Others might find visiting or elaborately decorating gravesites during the holidays gives them time to connect with, reflect on and honor loved ones and keep them a part of holiday traditions. But when holiday celebrations exclusively center on grave visits, it can be a warning sign that someone is stuck in the grieving process, Kepler added.
“Life is dynamic and life is changing,” Kepler said. “People leave and people come. Births come, people come into the family, new friendships, and it’s important to keep that freshness there.”
The first Christmas after George died, the family had not yet had his headstone placed, Redner said. So they bought a small, live Christmas tree to mark his grave. Redner then put out a post on social media telling friends about the tree and asking them to put an ornament on it that reminded them of George.
Redner and her husband left the first ornament: a beer mug decorated with shamrocks. More were quickly hung — a jeweled shamrock, a firefighter’s helmet, a fire truck. The family left zip-ties in a plastic bag at the grave so people could secure the ornaments to the tree.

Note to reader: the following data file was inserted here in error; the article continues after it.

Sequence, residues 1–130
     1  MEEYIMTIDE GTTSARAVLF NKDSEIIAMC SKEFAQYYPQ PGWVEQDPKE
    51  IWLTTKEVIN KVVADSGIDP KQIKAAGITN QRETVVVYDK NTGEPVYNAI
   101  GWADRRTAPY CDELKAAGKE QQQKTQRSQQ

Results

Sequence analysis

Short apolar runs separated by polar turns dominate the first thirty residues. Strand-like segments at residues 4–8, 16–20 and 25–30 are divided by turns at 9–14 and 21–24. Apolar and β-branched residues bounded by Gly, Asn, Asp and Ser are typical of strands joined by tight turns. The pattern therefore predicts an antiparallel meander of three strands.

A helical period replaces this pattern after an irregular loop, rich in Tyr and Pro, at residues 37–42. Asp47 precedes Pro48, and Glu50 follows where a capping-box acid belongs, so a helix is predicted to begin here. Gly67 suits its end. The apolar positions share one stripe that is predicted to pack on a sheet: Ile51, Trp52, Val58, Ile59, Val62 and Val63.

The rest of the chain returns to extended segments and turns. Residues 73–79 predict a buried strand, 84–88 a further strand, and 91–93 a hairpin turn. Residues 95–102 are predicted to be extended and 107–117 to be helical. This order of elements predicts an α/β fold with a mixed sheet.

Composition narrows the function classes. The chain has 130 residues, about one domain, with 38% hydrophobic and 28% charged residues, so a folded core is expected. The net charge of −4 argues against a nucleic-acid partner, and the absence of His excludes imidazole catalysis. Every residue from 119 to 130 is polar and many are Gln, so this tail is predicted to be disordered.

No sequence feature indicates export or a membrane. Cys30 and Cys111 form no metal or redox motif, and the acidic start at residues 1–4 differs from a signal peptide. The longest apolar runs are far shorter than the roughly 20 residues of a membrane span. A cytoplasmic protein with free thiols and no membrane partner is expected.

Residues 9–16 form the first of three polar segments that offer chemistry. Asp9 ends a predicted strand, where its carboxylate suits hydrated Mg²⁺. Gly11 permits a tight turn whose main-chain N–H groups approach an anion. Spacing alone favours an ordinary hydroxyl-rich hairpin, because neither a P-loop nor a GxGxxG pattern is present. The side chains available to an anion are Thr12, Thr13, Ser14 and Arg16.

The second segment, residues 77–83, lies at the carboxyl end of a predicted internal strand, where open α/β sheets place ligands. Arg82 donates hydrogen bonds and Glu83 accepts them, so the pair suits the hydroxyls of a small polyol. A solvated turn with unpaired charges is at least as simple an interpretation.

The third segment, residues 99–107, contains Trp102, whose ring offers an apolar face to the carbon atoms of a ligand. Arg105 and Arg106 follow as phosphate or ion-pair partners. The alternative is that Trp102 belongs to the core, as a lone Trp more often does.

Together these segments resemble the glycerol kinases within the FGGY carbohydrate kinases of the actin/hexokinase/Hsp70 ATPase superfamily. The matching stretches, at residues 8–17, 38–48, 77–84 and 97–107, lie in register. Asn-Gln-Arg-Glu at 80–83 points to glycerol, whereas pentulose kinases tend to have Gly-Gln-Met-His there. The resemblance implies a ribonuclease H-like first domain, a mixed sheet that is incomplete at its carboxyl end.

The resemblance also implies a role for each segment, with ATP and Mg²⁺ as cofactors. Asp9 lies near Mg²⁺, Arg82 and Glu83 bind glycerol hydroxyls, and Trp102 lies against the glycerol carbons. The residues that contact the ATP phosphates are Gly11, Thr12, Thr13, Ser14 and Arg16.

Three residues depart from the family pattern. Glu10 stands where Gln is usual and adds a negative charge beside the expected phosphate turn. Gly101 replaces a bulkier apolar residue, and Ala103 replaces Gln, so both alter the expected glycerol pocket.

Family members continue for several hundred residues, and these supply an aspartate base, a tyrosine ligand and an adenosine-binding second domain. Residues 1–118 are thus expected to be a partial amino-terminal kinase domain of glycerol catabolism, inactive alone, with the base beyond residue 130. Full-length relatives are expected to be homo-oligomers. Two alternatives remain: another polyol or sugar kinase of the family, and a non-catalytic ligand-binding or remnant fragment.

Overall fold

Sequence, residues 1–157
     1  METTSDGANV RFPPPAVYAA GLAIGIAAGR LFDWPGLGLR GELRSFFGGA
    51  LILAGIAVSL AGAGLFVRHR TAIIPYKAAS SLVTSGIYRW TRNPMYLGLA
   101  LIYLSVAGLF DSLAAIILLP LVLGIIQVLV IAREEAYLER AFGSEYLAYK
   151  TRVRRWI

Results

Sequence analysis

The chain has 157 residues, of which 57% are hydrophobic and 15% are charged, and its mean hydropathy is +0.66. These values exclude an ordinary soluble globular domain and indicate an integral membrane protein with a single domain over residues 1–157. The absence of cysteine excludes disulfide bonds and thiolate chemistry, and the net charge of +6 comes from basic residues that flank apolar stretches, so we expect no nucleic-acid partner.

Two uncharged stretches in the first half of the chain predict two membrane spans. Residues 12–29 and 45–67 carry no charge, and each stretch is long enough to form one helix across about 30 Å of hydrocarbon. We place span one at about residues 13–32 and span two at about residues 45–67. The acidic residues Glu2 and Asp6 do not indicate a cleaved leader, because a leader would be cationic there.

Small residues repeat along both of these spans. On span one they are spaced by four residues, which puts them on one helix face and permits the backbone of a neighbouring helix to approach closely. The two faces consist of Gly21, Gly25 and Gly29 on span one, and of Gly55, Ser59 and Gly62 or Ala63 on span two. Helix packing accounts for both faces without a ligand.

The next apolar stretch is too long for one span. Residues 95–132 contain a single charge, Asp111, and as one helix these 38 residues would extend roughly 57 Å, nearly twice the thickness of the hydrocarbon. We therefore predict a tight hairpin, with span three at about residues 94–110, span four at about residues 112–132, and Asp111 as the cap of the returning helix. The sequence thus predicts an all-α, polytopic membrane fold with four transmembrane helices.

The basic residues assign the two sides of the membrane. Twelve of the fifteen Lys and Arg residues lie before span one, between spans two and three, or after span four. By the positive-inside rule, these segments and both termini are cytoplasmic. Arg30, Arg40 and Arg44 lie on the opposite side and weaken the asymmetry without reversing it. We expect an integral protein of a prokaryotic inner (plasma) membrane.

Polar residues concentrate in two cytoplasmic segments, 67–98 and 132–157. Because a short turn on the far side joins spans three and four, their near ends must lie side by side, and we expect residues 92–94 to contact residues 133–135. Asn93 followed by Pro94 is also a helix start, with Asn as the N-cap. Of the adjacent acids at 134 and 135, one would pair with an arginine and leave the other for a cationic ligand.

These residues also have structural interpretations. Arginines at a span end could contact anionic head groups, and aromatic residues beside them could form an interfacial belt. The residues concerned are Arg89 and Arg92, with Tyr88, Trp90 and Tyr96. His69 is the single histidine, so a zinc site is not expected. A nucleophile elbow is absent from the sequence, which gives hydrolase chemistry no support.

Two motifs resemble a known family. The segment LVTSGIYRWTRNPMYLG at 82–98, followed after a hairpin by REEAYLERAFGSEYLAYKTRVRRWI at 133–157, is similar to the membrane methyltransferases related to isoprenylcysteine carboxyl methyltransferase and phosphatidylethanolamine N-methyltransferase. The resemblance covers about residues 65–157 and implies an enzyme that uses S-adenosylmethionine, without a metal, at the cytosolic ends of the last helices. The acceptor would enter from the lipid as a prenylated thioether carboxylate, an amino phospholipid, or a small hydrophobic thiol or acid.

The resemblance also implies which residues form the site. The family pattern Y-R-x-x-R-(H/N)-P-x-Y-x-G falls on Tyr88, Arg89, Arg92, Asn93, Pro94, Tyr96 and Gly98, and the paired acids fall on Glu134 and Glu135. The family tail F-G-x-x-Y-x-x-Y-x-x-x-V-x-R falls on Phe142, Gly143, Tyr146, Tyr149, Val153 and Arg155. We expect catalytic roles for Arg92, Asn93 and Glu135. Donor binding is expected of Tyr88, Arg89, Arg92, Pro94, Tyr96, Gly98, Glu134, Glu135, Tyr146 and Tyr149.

“Every time we came up there, there was another ornament,” she said. “It does help to see the ornaments.”
Video: Parents mark Christmas with their late sons
The family has kept George a part of its family Christmas tree, as well. The first holiday after his death, after Josh and her other three sons put up the Christmas tree that year, Josh handed his mom a tomato ornament, Redner said.
“Why did you get a tomato ornament?” she asked.
“We’re going to start a new tradition,” Josh replied. He vowed that each Christmas they would add a vegetable ornament to the tree for George.
“It made me laugh,” his mother said.
Redner said she’s not sure why Josh suggested vegetables, but the family thinks it’s funny so they continue the tradition. Last year, a jalapeño pepper was added. This year, it’s a pickle.
Redner decorates at George’s grave for most major holidays: Halloween, Easter, St. Patrick’s Day, Independence Day. She always finds something new that a friend or family member left there. Peanut-butter cups around Halloween. Shot glasses and green beads for St. Patrick’s Day.
Her father is also buried at Resurrection. She now finds herself visiting his grave more often and decorating it for the holidays.
“I used to avoid the cemetery,” she said. “Now, I’m up there all the time. I go around the corner and see him.”
Friends and family love the tradition and adding to the collection, which remains until Dec. 30, when the family packs it away until next year. Like most cemeteries, Resurrection has rules about holiday grave decorations, and they must be removed by Jan. 1.
Several dozen other graves were seen to be covered with decorations Friday.
While it doesn’t stop the pain of her family’s loss, it does give them someone else to focus on for a little while, at least.
“It’s our way of making them part of here,” Redner said. “They’re still making me smile. There is always a new story every time.”